A tiny six-month-old puppy’s life has been saved after our Specialist-led Cardiology team carried out intricate micro-surgery to repair a serious heart defect.
The Yorkshire terrier, called Roman, weighed just 2kg – the equivalent of a single brick – when he was referred to our internationally-renowned cardiology team.
Fabio Sarcinella, an RCVS and European Specialist in Veterinary Cardiology, used a pioneering minimally invasive technique to insert a medical plug measuring just 8mm in diameter into a key vessel in Roman’s failing heart.
Fabio said it was a challenging case – due in no small part to Roman’s tiny size!
He explained: “Roman had been diagnosed with a loud murmur during his routine puppy check, which we identified as a birth defect called a patent ductus arteriosus (PDA).
“The ductus arteriosus connects the two main blood vessels, the aorta and the pulmonary, and should close when the dog is born.
“If it remains open (patent) it allows extra blood to be pumped into the lung arteries from the aorta which can lead to a life-threatening condition known as congestive heart failure.
“In larger dogs, PDAs are routinely repaired using a minimally invasive approach. A small incision is made to insert a catheter up through the dog’s aorta to deliver specialised devices into the ductus arteriosus to close it up.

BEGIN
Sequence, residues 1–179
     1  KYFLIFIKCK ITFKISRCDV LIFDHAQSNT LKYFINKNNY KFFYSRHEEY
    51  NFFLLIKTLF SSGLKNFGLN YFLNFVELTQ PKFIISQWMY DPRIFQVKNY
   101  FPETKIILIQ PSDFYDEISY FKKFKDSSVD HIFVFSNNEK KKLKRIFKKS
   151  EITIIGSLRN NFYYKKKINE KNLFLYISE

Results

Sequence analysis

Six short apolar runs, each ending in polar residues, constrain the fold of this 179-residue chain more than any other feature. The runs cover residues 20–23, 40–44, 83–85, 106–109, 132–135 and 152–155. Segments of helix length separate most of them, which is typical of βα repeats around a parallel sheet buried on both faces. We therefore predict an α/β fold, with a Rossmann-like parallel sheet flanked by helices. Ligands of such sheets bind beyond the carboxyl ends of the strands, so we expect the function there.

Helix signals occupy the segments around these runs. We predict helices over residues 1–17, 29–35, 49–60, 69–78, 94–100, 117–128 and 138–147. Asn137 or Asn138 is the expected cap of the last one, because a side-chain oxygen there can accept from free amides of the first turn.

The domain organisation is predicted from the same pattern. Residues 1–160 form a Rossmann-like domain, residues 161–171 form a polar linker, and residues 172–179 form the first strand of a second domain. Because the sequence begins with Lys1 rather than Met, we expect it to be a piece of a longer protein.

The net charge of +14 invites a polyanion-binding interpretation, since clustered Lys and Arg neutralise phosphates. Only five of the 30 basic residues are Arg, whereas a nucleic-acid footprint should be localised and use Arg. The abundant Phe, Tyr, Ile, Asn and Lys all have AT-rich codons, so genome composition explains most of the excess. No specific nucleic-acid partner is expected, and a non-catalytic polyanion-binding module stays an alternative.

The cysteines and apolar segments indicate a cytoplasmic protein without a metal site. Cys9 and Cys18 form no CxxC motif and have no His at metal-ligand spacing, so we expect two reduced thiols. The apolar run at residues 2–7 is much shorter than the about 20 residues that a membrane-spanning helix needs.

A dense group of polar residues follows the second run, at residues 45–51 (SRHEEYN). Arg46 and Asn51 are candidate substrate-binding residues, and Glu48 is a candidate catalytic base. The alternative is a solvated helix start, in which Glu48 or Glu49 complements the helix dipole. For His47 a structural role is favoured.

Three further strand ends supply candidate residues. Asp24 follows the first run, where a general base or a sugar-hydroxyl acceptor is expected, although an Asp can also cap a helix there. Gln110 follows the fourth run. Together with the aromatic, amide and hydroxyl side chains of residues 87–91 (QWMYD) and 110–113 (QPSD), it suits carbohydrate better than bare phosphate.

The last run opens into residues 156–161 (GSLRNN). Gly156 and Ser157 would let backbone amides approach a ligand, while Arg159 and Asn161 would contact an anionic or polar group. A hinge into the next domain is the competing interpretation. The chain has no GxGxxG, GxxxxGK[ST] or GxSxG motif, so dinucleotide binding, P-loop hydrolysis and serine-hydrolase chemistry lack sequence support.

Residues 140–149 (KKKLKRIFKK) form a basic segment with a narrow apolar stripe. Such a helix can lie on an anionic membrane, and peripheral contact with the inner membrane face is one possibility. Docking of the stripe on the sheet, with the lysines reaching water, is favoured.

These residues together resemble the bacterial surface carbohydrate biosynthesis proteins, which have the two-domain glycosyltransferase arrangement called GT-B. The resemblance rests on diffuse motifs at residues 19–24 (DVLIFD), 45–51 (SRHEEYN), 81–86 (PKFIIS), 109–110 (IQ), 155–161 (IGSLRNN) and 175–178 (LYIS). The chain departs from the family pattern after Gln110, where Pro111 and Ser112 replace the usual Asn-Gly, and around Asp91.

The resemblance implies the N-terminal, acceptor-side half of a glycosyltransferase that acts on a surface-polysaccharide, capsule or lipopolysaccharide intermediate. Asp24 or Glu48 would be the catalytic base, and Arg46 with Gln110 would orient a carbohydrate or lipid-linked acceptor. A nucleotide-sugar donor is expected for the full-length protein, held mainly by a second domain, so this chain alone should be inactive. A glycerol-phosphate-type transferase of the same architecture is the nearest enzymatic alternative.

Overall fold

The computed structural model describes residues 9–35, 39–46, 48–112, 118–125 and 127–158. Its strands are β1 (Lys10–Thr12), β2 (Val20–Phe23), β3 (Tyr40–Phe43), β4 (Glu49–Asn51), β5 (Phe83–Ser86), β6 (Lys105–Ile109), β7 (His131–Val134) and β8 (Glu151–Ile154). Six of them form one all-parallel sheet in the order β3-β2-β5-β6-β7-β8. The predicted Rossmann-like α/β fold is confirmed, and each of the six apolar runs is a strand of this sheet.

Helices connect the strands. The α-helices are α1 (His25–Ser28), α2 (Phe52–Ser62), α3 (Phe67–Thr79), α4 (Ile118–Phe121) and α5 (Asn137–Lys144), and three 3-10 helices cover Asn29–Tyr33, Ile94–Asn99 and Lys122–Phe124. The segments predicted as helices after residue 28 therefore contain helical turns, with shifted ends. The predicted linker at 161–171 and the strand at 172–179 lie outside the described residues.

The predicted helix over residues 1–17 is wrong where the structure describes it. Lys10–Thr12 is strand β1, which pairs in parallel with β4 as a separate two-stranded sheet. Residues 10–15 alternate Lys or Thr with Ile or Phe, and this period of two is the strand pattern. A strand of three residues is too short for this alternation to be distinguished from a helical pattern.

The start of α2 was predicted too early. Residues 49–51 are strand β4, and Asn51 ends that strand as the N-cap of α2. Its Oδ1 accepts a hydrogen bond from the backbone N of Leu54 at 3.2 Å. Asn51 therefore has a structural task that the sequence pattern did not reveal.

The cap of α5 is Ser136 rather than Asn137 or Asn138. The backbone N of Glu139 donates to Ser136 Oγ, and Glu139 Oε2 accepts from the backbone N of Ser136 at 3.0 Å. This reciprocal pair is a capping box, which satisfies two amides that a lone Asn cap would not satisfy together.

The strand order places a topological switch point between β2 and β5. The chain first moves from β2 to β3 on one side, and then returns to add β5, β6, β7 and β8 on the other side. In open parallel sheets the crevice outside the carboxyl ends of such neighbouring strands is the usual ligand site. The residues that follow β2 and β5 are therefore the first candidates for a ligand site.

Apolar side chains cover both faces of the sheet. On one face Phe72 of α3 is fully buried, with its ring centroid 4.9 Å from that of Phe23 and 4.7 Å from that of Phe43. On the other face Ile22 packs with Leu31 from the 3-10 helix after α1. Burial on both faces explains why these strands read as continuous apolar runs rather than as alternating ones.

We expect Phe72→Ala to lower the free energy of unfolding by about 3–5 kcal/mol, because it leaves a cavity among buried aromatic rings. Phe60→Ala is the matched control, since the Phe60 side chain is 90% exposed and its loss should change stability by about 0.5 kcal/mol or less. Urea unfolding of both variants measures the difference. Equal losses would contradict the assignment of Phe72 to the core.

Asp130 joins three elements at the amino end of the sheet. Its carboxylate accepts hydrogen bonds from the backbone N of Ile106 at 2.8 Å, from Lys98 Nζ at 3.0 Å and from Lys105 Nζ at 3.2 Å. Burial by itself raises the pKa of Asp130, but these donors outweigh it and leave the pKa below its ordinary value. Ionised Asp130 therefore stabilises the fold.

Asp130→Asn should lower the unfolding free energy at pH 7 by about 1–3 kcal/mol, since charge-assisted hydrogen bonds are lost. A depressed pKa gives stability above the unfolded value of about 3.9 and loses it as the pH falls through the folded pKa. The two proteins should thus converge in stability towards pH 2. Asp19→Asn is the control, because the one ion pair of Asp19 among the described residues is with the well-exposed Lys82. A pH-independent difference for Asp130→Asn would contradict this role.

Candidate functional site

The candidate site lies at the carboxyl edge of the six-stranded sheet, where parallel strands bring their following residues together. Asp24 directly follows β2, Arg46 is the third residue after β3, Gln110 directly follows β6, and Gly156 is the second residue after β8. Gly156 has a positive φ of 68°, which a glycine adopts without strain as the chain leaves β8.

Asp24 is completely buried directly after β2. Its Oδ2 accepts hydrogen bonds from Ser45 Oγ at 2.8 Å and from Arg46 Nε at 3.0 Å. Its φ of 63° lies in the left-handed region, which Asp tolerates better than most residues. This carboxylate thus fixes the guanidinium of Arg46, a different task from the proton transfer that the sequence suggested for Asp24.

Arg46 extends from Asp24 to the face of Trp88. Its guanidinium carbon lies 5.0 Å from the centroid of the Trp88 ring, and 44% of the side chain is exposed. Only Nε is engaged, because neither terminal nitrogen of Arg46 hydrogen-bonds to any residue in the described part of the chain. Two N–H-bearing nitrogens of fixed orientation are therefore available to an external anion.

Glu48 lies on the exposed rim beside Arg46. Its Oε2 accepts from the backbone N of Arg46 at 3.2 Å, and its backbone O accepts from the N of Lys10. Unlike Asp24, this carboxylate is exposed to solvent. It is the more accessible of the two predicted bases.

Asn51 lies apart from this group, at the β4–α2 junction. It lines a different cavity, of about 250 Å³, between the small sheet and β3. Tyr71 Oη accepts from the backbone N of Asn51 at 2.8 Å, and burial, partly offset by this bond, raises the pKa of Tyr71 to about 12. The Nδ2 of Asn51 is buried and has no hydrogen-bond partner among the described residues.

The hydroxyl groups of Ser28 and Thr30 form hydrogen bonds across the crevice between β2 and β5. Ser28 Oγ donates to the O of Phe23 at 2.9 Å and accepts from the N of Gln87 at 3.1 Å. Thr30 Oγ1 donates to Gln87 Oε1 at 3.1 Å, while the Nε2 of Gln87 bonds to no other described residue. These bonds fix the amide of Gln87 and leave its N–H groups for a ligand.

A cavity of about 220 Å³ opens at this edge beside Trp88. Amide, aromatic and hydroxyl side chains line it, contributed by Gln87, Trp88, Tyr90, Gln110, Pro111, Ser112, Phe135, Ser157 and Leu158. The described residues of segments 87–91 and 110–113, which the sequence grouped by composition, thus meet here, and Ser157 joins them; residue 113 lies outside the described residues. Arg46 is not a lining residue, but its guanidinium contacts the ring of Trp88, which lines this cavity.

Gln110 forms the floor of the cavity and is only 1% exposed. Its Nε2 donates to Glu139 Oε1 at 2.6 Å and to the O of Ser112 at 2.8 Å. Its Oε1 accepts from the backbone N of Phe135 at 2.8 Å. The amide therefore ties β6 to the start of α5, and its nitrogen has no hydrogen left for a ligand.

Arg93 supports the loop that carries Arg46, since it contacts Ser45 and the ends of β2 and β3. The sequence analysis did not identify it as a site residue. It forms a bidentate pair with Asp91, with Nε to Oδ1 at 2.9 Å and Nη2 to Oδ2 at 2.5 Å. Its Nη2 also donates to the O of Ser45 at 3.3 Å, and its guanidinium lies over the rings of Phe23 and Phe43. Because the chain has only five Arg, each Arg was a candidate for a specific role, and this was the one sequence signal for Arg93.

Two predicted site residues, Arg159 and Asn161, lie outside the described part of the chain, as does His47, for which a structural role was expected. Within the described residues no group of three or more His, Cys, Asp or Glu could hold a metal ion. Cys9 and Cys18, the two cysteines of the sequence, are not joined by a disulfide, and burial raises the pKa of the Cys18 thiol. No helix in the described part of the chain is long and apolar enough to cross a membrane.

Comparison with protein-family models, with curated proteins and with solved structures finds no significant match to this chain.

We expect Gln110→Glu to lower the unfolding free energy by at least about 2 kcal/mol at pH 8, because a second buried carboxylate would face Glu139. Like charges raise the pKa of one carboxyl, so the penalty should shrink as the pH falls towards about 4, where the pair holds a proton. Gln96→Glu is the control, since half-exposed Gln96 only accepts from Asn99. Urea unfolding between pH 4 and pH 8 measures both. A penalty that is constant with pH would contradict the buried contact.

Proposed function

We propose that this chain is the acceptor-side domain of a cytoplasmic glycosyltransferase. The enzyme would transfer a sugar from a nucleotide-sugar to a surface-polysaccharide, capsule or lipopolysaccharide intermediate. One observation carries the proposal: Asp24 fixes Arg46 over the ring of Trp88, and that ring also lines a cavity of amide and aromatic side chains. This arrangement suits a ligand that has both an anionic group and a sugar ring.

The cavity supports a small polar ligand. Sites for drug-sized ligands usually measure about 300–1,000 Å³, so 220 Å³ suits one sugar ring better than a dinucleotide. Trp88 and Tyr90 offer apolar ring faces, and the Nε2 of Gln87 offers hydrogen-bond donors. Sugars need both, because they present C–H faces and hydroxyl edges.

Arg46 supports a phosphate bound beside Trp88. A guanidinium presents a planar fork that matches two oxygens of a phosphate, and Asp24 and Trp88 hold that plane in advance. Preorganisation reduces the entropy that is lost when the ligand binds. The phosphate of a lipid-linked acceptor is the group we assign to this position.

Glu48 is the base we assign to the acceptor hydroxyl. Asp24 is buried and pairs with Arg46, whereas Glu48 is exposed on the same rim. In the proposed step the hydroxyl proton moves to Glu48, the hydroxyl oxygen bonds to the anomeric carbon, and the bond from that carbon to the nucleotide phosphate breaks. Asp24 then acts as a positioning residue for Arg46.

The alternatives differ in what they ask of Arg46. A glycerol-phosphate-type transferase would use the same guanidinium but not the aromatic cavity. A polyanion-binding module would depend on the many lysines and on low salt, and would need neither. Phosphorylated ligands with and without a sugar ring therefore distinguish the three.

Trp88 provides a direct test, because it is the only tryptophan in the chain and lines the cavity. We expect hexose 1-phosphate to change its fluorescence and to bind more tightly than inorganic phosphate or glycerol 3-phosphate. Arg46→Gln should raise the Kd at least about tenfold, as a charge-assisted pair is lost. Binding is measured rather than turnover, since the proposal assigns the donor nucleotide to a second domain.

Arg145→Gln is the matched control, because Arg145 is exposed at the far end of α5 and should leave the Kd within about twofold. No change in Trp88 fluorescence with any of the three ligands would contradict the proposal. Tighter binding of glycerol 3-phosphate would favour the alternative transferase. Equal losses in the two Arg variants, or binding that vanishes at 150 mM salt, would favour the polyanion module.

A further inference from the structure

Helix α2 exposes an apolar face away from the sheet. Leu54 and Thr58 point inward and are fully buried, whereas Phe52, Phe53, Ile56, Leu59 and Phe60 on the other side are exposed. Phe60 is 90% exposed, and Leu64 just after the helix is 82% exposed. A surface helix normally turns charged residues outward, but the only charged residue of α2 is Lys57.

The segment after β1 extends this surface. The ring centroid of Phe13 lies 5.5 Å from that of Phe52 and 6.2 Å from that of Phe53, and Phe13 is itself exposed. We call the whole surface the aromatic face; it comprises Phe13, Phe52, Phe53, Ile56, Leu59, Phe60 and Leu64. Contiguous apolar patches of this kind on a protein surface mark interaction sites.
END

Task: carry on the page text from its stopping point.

“However, Roman weighed just 2.3 kg, making insertion and delivery of catheters in his vessels and heart extremely challenging.
“In Roman’s case, we used an alternative technique to deliver a device only 8mm in diameter, an Amplatzer™ Vascular Plug II (AVP II), via a one-inch incision in his right groin, to block his PDA.
“A heart scan performed after the procedure confirmed the closure of the PDA with no residual flow across the AVP II.
“Roman was discharged the following day and is now completely cured and able to go on and enjoy life back home with his owners.”
Our internationally-renowned Cardiology team has vast experience in minimally invasive treatment for congenital and acquired disease in dogs and cats.